This works well for day to day wash, and can be done in the cockpit (use non-polluting soaps that will break down) if you absolutely have to.  We try to go ashore up onto grass or something that can deal with the greywater.  You'll also find the drilled bucket useful for draining rope and a whole host of other duties, and the solid bucket is. . .well. . .a bucket, so that's useful as well.

Try it.  It works.

It's finally gotten warm here on the Middle River, and we're doing boat stuff in preparation for going back out for a couple of weeks.  I'll be pulling down our ratty Genoa Jib today and replacing it with a newer working jib we've acquired (hopefully it'll fit with the roller furling).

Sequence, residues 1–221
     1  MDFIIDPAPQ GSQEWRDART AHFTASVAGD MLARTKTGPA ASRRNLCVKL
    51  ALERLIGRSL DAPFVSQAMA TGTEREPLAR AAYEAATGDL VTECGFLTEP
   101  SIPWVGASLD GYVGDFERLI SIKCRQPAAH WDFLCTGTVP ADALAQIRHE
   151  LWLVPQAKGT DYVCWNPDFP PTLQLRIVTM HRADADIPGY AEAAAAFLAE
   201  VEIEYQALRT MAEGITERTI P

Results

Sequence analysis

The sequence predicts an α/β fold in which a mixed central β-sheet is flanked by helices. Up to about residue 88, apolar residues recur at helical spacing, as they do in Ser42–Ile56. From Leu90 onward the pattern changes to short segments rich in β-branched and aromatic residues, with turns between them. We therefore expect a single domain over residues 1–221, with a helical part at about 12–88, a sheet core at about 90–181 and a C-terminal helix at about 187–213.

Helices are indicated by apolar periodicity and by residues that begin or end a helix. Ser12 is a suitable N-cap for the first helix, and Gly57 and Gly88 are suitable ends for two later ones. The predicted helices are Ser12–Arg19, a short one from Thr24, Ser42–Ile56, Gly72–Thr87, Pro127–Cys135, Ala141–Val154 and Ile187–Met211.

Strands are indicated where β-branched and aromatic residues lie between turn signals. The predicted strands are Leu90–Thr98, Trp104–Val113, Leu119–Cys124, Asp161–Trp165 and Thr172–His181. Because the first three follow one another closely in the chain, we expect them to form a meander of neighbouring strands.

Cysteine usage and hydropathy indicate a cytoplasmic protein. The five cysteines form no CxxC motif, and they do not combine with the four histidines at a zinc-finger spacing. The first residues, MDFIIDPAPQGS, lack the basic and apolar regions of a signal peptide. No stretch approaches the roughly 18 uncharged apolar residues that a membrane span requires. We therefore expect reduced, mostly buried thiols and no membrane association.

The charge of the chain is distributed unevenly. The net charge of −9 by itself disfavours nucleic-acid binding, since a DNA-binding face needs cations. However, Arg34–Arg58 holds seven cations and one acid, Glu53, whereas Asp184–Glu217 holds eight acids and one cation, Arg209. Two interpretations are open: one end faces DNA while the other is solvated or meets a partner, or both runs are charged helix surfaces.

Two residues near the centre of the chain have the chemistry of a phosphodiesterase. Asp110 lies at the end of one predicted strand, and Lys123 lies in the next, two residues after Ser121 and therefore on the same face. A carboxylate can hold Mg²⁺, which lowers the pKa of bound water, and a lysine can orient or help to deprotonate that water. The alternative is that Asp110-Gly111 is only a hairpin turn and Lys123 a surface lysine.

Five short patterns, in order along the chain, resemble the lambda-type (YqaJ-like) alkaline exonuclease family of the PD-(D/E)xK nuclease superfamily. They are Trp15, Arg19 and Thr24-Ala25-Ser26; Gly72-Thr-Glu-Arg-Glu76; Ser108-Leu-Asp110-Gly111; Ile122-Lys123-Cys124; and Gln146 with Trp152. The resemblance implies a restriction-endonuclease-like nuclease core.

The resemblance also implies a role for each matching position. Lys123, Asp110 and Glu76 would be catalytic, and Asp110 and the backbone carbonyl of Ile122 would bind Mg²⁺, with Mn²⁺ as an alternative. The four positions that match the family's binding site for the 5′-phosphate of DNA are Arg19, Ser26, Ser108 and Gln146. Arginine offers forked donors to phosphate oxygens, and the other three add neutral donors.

Stay healthy out there.  Next up, boat farming, so stay tuned.

M

Worton Creek.



Wednesday, May 27, 2020

Gone Sailing

Hi folks, just a quick note:  We've taken the opportunity to get the hell out of Dodge and go sailing for a few days, which has delayed our posting for a bit.  At present, we're at anchor at Worton Creek (with some VERY limited wifi signal), and are planning on heading up to Still Pond or the Sassafras River in a day or so.  We'll be back in a few with LOTS of new pictures, some new ideas, and more stuff for you, so please stay tuned.

Got to use our improvised cockpit shower for the first time on the hook today, and it was delightful.  Al Fresco bathing at it's finest.  No, you're not getting pictures of that.  Trust me.

So we're spending the day just kicking back and relaxing.  There's something wonderful about anchoring in a secluded little nook and just chilling out.  We got lots of opportunities to try out Gail's new 300mm lens, our new monocular, and some new navigational software, which we'll be dutifully reporting on upon our return.  For now, it's five o'clock somewhere.  Enjoy your weekend.